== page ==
The 1970s and early 1980s can accurately be described as reign of terror in Uganda’s history. Like the Jacobin factions during the French Revolution between mid-1793 and July 1794, regimes ruthlessly executed anyone considered a threat to their existence. While the NRM government has sought to establish order and address a situation fraught with peril, their failure to address corruption can be equated to previous regimes’ failure to guarantee security to their citizens.
Insecurity can be fixed by, for example, creating a disciplined and professional army and police force. Something I believe the NRM regime has substantially achieved and for which it has not received adequate praise. However, once corruption becomes a way of life or a culturally accepted practice as it has become in Uganda over the past 20 years, it would take a monumental effort to eradicate.
I often tell friends that our leaders are not imported. They grew up among us, we dine with them, they are our associates and most importantly, they are our relatives – uncles, aunts, mothers and fathers, brothers and sisters. Their behaviour once they assume public office merely reflects their upbringing and culture. We, as society, are squarely responsible for their convictions and dispositions. If, indeed, someone has grown up convinced that it is acceptable to help oneself to public money, it would be almost criminal for society to expect them to become custodians of that money.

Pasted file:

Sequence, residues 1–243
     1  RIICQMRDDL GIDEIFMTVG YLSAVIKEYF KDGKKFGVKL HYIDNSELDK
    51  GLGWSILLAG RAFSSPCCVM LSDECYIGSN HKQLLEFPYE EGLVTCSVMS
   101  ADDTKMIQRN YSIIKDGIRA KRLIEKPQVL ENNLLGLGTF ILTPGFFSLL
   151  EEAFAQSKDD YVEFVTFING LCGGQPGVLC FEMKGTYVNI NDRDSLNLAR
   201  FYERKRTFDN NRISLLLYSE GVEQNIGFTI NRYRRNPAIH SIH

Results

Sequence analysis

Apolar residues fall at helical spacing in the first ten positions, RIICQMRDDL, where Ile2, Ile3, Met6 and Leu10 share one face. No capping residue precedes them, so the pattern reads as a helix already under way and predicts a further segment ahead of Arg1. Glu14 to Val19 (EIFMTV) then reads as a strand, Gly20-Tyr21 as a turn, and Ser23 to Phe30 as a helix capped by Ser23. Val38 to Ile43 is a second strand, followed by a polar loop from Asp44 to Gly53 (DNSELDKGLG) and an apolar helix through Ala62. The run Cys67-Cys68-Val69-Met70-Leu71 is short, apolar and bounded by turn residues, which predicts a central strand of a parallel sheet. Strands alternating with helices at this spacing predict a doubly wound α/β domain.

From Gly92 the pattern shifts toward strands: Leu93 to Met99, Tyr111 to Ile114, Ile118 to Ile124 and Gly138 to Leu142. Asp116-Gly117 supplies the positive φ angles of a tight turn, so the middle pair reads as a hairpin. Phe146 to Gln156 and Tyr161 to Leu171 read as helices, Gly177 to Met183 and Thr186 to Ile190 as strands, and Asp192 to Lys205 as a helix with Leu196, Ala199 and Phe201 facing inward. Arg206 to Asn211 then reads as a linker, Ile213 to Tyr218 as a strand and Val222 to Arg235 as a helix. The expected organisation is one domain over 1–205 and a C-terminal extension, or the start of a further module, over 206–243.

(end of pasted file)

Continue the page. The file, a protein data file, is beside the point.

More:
Opposition politicians will say, with a measure of justification, that the only way to rid Uganda of the current proportion of corruption is by changing government – and I do not contradict them. But I think it’s going to be more complicated than they allow. Uganda cannot rid itself of this level of corruption without changing the culture and the way we view corrupt public officials. We must start seeing these people for what they are, thieves! Unlike our Opposition leaders, I am an idealist, yet even I concede that political change alone is incapable of improving our social services or aance our poor infrastructure. I hesitate to say that even three consecutive changes of government within the next 30 years would not address the unscrupulousness among our political class, unless we change our own attitudes towards corrupt public servants.
Hong Kong is considered to have built one of the most successful institutions to combat public corruption. A Usaid anti-corruption publication considers Hong Kong’s Independent Commission Against Corruption (ICAC) an iconic and historic example of the most successful example of anti-corruption agency. The key to its success is, rather than restricting its activities to law enforcement, Hong Kong’s ICAC worked on changing public attitudes that consider personal loyalties more important than formal rules and public duties. I tell myself that it’s too early to despair. In Africa, President Ellen Johnson Sirleaf of Liberia has been praised for fighting graft in a country infamous for corruption. She demonstrated her commitment to tackle corruption when in 2012, she suspended her own son, along with 46 other senior government officials, for failing to disclose their assets to Liberia’s anti-corruption officials. Liberia’s example is an illustration that while government has a part to play in shaping people’s attitudes where corruption is concerned, the heaviest burden falls on citizens who determine how corruption is perceived in a country.
Similar to Hong Kong and to a less extent Liberia, we can nurse our condition by changing people’s attitudes with regard to corruption. And that can only start with the conversation at our dining tables at home.
Mr Makubuya is a Barrister. email@example.com
SOURCE: Daily Monitor